Taking on everyone from the Hulk and Thor, to Spider-Man, Daredevil, and even Moon Knight, you’d think Maynard Tiboldt, the Ringmaster, and his Circus of Crime would garner more respect. They don’t. Nobody likes carnies, especially when their leader wears a giant purple top hat that can hypnotize his victims, though “victims” might be too strong a word. Initially wanting people to simply like his circus act, when his business started failing, the Ringmaster swore revenge on the audiences of America. Granted, the Ring Leader’s powers have hypnotized the Mighty Thor and Spider-Man, implying that if he actually applied himself, the Ring Leader could be a force to be reckoned with. That’ll never happen however, as he and his merry troupe essentially move from city to city, putting on circus shows and hoping, and failing, to steal jewels from their audiences.

Even once possessing a ring with the power of a cosmic cube, all but beating the combined forces of Moon Knight, Spider-Man, and Daredevil, the Ringmaster’s imagination couldn’t go beyond circus-themed hijinks, resulting in the Punisher shooting off his ring-bearing finger. If there’s a crossover between all these heroes on TV, the Ringmaster likely won’t be stealing the show.


Stilt Man attacks helicopter

Perhaps the most iconic of all Daredevil villains, you know, besides formidable baddies like the Kingpin, Elektra, Bullseye and a dozen more, Stiltman, and then later, Lady Stiltman, are legendary for their ineptitude. Created by Wally Wood back in 1965 with his first appearance in “Daredevil” #8, it’s unclear what was going through the famed comic creator’s head when he created Stiltman. After all, Stiltman is literally just a man on giant mechanical stilts.

Lady Stiltman, in trying to restore honor to the Stiltman name, is just a lady in giant metal stilts, who doesn’t understand why people don’t take her, or the villain she’s named after, seriously. They’ve both suffered humiliating defeats at the hands of heroes like Daredevil and Spider-Man. Still, they keep hoping for the day when they’ll be respected, but considering Lady Stiltman once lost on account of one of her legs falling into manhole, that day’s far away. To be fair, Stiltman once almost proved victorious over the web-slinger, but that’s a day that Spidey doesn’t like talking about.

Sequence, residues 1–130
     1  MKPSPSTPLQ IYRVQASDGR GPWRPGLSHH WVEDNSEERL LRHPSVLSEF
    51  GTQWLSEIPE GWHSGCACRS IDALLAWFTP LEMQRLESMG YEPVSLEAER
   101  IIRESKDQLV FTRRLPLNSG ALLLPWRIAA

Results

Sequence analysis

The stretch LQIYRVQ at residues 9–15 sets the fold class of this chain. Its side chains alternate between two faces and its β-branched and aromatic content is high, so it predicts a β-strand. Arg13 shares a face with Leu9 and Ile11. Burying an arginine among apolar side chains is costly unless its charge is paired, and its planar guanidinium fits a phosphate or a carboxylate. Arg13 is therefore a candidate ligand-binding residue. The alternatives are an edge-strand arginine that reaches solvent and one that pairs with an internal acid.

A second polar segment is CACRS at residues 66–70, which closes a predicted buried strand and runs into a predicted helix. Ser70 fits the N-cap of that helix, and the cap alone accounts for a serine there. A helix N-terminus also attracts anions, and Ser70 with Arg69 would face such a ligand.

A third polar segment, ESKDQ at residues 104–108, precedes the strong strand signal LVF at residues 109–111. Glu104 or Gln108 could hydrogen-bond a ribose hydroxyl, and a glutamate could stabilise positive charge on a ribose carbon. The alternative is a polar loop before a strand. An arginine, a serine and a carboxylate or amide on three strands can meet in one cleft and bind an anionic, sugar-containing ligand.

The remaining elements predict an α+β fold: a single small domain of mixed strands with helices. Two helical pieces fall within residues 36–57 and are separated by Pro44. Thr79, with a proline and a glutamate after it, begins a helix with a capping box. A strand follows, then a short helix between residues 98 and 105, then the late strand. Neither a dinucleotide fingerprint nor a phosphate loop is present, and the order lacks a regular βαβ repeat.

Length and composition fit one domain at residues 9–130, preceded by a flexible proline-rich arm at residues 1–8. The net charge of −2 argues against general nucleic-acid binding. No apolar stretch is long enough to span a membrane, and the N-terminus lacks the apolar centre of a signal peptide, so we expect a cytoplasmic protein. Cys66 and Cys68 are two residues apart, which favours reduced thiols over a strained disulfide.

Because all the grizzly bear outfits were taken, trucker Buford Hollis dreamed of being a superhero. Donning an absurdly large pig head on top of his own in issue #12 of “Peter Parker, The Spectacular Spider-Man,” he went by the name of Razorback. With low-level superhuman strength and the ability to electrify his mane, just like all boars are capable of doing, he’s gone from good guy to bad guy. Fighting Spider-Man on account of misunderstandings and never winning, he later hung out with She-Hulk before having a spaceship offered to him that he’s using to travel the stars. Then somewhere along the way he came back to Earth and did battle with the Human Torch before getting abducted by the Skrulls. For a kooky character, his history is crazier than you’d think.

While not the most traditional villain, it’ll probably be a cold day down below before Razorback graces either Netflix or the movie theater with his ridiculous presence.



Here’s a guy who definitely follows the motto that if first you don’t succeed, try and try again. One of the lamest supervillains out there, made fun of by virtually every hero who crosses his path, Peter Petruski, otherwise known as Paste Pot Pete, or the Trapster if you’re feeling particularly fancy, has no powers. Instead, his arsenal is made up of one weapon: a glue gun. Sure, the glue has multiple properties and can even mimic Spider-Man’s webbing to a degree, but that’s about it.

Brought into comics in “Strange Tales” #104, under the awesome team of Jack Kirby, Stan Lee and Larry Lieber, it’s a wonder how he’s capable of going up against the likes of the Human Torch, Spider-Man, the Fantastic Four, Iron Man and even Captain America. Well usually it’s because he has an entire team backing him, like the Frightful Four, or because of silly writing. Despite each reinvention and every attempt to modernize him, the Trapster can’t catch a break. Forever a joke, it’s doubtful we’ll be seeing Paste Pot Pete standing next to Thanos in “Infinity War” in 2018.


Hypno Hustler

If this was the 70s’ and disco was alive and bopping, Hypno-Hustler might be all the rage. Alas, this is not the 70s’ and for better or worse, disco has all but died. Accompanied by his backup singers the Mercy Killersthe Hypno-Hustler used his jive hypnotic beats to hypnotize audiences into giving him all their money.

Making his tubular debut in issue #24 of “Peter Parker, The Spectacular Spider-Man,” despite Antoine Delsoin’s gnarly beer-goggles, the incredible Afro and the white jumpsuit, none of it proved enough to allow Hypno-Hustler to stand against Spider-Man…or anyone really. Spidey easily defeated Hypno-Hustler by removing the guy’s headphones and making him susceptible to his own music. It didn’t take long for Hypno-Hustler to realize the extremity of his lameness, as the last time anyone saw him was hanging out with Big Wheel (another seriously awful bad guy) at a meeting for reformed villains. Should disco become a fighting force once more, only then would it be safe to assume Hypno-Hustler might make a cinematic debut.

Can you think of any Marvel supervillains too cheesy for the MCU? Let us know which ones in the comments section!